Head north on I-65 and you’ll see it on your right as you go winding up through Franklin, Tennessee, just south of Nashville, where the road weaves you past the Nissan North America headquarters, past the Walmart and the Galleria. From peripheral vision at 70 mph, it scans as little more than a shock of silver and gold, like someone slipped a single Civil War image into a film reel of fast-food franchises, firework megastores, and the rest of the visual muddle of Southern highway travel. Still, it’s unmistakable. And if you pull onto the shoulder and get out for closer inspection, you’ll see, beyond the kudzu-threaded barbed-wire fence and inside a half-circle Confederate battle flags, the horse and rider —Confederate Lieutenant General Nathan Bedford Forrest astride his steed, 27 feet from horse hoof to saber tip, riding parallel to the roadway.
Behold: our nation’s ugliest Confederate statue. It it is crudely and cartoonishly rendered in polyurethane — Forrest in silver, his horse in gold. Forrest brandishes a pistol, an elongated arm protruding from his shoulder at a grotesque angle, his too-large head turned unnaturally to stare at traffic. His face is contorted into a deranged smirk, his eyebrows raised and his teeth bared, as if fixing around that shrill yawp of the rebel yell. It is so absurd and tacky that it looks like a joke — Stephen Colbert recently described the statue as a “skirt-wearing nutcracker riding [a] wet lizard” — but it was carved and erected in total sincerity.
The statue was created by longtime Nashville resident Jack Kershaw between 1996 and 1998. Kershaw was an unreconstructed Renaissance man — a painter, sculptor, lawyer, semi-pro quarterback, grassroots organizer, and avowed racist. When Kershaw died in 2010, the Nashville Tennessean’s obituary called him a “gold plated eccentric” while the Southern Poverty Law Center went with “one of the most iconic American white segregationists of the 20th century,” noting his role in founding multiple white-supremacist organizations along with his bizarre contribution to the country’s collection of Confederate monuments. And because Kershaw placed his statue on a private spit of land adjacent to the highway, while other Confederate monuments on public land are taken down in the aftermath of the white nationalist violence in Charlottesville, this Forrest will ride on.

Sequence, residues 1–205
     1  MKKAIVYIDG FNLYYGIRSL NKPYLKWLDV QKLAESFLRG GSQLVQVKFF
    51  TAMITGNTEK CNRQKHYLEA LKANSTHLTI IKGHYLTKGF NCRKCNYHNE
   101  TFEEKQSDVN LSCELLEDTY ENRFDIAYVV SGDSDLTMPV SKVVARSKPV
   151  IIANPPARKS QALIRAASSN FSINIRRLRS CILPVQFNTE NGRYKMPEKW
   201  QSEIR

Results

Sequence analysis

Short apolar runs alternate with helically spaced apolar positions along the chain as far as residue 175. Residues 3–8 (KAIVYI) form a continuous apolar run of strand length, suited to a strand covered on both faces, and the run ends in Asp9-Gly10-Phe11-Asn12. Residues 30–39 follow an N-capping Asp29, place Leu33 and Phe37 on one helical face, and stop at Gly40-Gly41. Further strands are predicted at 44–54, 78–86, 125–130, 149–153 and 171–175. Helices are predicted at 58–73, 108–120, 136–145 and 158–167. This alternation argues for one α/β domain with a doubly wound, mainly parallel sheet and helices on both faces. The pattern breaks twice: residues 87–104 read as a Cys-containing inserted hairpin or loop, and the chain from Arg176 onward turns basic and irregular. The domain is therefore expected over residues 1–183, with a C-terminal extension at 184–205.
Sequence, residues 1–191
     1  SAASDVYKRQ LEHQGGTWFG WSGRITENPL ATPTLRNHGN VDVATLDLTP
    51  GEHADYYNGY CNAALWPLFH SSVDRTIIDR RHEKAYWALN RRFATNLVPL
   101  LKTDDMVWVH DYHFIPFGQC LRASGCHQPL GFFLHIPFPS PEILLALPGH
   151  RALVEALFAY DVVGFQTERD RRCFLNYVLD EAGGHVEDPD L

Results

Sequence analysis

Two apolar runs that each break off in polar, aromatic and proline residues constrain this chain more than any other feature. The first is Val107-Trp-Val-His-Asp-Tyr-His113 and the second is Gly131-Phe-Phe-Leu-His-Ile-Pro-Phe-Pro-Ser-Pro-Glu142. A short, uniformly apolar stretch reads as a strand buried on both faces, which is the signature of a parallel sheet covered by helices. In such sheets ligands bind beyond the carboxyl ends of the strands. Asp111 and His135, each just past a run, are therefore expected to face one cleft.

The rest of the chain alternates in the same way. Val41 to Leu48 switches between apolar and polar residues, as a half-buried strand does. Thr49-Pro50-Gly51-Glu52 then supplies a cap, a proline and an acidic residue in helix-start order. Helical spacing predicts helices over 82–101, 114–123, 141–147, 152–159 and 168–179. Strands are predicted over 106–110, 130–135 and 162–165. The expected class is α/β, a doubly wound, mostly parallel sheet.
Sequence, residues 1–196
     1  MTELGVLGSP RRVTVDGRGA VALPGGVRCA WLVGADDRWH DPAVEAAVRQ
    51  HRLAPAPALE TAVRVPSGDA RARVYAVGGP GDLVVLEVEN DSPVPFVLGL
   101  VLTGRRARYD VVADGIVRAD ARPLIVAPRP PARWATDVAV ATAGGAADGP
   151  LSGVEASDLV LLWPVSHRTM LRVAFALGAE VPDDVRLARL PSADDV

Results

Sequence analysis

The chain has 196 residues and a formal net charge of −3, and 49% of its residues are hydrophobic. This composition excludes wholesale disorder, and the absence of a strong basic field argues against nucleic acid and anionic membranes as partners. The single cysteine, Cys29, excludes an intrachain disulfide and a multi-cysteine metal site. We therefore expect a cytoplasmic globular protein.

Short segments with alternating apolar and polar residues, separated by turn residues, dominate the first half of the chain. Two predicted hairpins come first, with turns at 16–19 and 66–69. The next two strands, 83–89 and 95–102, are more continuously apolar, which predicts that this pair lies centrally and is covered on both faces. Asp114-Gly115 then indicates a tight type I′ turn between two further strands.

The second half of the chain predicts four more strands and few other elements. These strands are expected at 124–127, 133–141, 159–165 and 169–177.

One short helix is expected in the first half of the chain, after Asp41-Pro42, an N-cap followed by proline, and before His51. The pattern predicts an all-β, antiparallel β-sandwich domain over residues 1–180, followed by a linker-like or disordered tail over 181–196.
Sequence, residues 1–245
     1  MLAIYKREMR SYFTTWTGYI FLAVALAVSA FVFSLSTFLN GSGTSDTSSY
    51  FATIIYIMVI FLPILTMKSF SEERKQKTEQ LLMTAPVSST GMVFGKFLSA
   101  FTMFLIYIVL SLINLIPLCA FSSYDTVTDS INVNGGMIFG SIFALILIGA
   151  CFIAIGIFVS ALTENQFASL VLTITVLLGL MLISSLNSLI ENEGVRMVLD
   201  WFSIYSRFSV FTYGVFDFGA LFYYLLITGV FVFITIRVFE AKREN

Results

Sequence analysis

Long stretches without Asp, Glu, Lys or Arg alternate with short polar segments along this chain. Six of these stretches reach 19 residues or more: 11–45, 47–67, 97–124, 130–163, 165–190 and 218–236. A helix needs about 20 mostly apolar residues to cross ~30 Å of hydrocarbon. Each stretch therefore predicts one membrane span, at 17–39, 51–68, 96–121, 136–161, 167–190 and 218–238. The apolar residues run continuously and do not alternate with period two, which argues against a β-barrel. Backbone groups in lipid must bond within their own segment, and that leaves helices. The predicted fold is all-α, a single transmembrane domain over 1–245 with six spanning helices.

For over two years, I’ve been visiting monuments of Nathan Bedford Forrest across the American South, studying the likeness of a man who, in life, was a hard-bitten striver with six months of schooling, a military savant who was one of Memphis’s biggest slave traders. In his symbolic afterlife, he, like his ideology, is everywhere, an ever-present beacon of Confederate nostalgia. There are 31 Forrest monuments in Tennessee alone — more than all three of the state’s presidents (Andrew Jackson, Andrew Johnson, and James Polk) combined — each with a story that helps trace the Lost Cause’s long reach. The bronze equestrian statue in Memphis, for instance, was erected in the aftermath of Ida B. Wells’s groundbreaking reporting on the city’s racial terror lynchings. A building on Middle Tennessee State’s campus was christened with Forrest’s name in the wake of Brown vs. Board. In 2015, I’d become obsessed with Forrest monuments when I mistakenly wandered into Selma, Alabama’s Old Live Oak Cemetery on the 50th anniversary of Bloody Sunday while looking for free parking. There, I met the Friends of Forrest, a neo-Confederate group standing guard over the cemetery’s Confederate memorial circle and preparing to replace their statue of Forrest. (A previous one, put up almost immediately after the town elected their first African-American mayor in 2000, had been stolen in 2012.) Encountering Confederate cheerleaders during a major civil-rights anniversary was as unexpected as it was horrifying. In hindsight, though, post-Charlottesville, the juxtaposition feels natural.